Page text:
Blinker Switch and Staying in Park

Two issues that we’ve had with the car since we’ve had it has been the blinker return switch not working on right had turns and a car that would slip from park into reverse every once in a while.  So, it was time to get into the car and work on these issues a bit.  This and the next several posts recount our work.  The procedure here on our Comet works the same as it would on a Falcon or Mustang and is very similar to any early to mid 60s Ford.

So, first things first:  turn the horn ring counter clockwise and lift out:

Once it’s removed, you’ll see the slot the horn ring fit into as well as a nut holding the steering wheel on:

You will see a horn contact ring at about the 8 o’clock position.  Remove it carefully, it consists of a rubber covered wire and an internal spring:

You’ll notice the steering wheel nut is already removed in the picture.  That is because you can do these in either order.  Our next post will discuss how to do that.


Quick Work on the F100

I know I said I’d post some useful sites but instead I thought I’d get back to sharing what we’re up to. A couple weeks back we noticed the vent hose along the filler neck hose was leaking. Replacing it proved difficult. I gave Micah the project. The inner clamp was facing the wrong way to get to it. It was clear the hose had been installed and then the bed was lowered on back at the factory. Micah noticed, though, that the neck was quite long, so he ripped off the hose and put the new one right up against the old clamp and it worked–not ideal, I suppose, but it worked. Here’s a shot of the finished project:

Staying in Touch

In my next post, I’ll share some info on useful websites for anyone interested in cars (esp, but not limited to, classic cars, muscle cars, and restoration and repair). For now, here’s an email to reach me if need be (since I’ve now dropped Facebook): froliverherbel [at] cableone [dot] net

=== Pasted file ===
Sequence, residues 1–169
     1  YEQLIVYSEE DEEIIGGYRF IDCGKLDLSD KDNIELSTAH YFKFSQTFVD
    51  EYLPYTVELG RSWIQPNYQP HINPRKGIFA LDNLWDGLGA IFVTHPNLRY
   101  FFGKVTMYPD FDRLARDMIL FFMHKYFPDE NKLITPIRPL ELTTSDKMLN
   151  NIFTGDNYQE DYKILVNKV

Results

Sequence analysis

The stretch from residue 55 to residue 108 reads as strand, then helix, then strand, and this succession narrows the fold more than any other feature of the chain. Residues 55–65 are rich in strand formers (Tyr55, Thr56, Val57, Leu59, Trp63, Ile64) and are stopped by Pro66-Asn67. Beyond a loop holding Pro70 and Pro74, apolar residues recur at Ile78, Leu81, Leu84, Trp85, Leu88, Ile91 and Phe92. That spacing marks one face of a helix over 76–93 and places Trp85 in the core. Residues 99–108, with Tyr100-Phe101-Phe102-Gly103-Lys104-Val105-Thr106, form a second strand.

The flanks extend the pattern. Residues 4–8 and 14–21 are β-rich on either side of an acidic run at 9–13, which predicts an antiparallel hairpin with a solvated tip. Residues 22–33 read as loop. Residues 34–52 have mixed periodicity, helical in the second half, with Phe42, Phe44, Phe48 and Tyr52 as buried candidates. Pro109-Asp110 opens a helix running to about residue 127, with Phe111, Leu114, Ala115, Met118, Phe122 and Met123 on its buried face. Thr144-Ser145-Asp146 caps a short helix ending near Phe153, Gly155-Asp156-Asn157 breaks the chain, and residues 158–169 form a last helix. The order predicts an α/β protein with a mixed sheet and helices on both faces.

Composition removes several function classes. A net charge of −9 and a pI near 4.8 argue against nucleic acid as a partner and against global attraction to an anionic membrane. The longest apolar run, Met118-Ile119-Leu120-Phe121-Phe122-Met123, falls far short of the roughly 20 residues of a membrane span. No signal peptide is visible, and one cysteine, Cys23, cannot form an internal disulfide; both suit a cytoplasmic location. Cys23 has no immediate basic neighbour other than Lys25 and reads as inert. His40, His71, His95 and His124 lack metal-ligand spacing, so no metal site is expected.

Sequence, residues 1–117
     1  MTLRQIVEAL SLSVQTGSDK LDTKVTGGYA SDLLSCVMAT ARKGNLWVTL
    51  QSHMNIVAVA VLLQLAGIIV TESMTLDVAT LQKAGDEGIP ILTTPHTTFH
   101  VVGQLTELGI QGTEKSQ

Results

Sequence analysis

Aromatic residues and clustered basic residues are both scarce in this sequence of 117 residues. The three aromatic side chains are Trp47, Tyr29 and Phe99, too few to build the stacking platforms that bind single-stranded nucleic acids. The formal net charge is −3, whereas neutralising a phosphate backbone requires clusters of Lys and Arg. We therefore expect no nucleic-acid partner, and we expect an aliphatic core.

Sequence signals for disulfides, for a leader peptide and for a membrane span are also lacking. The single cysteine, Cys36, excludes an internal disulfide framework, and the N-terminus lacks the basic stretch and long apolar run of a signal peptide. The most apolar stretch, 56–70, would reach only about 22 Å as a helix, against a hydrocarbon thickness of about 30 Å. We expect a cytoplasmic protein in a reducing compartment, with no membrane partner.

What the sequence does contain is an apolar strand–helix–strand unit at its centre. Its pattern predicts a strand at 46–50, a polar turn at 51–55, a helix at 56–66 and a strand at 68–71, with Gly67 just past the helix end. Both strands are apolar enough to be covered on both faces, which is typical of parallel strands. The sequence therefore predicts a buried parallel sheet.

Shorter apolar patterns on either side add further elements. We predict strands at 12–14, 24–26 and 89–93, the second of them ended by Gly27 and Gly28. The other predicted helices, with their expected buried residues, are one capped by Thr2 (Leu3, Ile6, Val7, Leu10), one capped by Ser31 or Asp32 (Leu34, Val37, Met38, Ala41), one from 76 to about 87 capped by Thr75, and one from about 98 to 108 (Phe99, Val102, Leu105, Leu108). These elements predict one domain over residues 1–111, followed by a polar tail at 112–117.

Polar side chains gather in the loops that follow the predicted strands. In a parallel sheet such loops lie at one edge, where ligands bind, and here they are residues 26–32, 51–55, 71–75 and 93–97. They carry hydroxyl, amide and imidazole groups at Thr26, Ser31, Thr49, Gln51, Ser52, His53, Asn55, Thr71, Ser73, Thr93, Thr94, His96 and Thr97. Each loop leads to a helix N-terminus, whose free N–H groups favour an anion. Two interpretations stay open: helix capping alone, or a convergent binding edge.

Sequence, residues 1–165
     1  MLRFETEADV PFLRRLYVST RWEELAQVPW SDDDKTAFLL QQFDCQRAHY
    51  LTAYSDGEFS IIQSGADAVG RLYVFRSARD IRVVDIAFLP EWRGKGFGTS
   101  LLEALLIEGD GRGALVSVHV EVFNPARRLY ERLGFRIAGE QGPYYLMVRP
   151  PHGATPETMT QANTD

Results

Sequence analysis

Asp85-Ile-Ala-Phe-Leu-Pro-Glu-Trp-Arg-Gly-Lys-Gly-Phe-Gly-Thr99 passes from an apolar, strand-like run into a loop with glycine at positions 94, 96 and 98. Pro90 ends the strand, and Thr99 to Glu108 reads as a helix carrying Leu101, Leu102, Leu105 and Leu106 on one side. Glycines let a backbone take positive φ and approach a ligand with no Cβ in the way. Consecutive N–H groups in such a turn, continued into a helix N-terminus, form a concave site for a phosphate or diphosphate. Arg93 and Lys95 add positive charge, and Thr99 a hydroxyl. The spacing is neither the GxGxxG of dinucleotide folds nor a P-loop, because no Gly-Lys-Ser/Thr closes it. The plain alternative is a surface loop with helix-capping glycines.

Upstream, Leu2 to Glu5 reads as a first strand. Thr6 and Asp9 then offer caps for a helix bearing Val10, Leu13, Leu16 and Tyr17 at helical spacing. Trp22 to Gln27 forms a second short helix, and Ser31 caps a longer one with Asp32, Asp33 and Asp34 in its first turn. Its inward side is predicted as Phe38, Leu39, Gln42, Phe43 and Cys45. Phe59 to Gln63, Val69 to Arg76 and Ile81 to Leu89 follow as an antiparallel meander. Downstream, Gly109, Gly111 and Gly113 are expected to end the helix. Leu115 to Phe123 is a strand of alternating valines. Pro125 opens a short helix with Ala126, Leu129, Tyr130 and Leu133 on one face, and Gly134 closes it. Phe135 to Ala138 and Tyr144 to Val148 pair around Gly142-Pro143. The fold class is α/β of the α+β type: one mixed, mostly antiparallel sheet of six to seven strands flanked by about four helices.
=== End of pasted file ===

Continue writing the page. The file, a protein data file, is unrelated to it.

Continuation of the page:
For sure, use this email for anything not connected to things posted here, as this blog is solely about Herbel Garage items and not politics (except as it touches on cars perhaps) nor religion nor other hobbies outside of cars.

Replacing the Transmission Modulator

As I pointed out in the last post, a small part of our project included installing a vacuum “tree”:

You’ll notice all the port holes, more than I need, but it looks nice against the firewall.  Once we had everything together, we had a small vacuum leak between the adaptor and the manifold and had to take it apart and put another gasket in there and tighten it down.  During this process, we had checked vacuum lines and that’s when Micah and I noticed transmission fluid was coming up one of the hoses from the transmission.  Our transmission is a C4, and as many automatic transmissions, it has a modulator in order to guide the shifting.  A good overview of how a modulator works may be found here:

You’ll notice our modulator had a bracket that fit around a central knob on the end and two hoses going to it.

This was not an easy modulator to acquire.  This style was not carried in any parts stores in town nor in their warehouses! Thankfully, Mac’s Auto carries it.  This style was only available in late ’70s Broncos with the C4.  So, now I know where the previous owner got the C4 that he dropped in!  That may have also been where he got the inline 200 that replaced the 170 that had been in there.  So the hot rodding that the previous owner performed by swapping out the 2 speed auto and 170 for the 3 speed C4 and 200 have been continued and taken to a new level by us.

Hopping Up the Top End, Part 4

Well, this is what the final result looks like: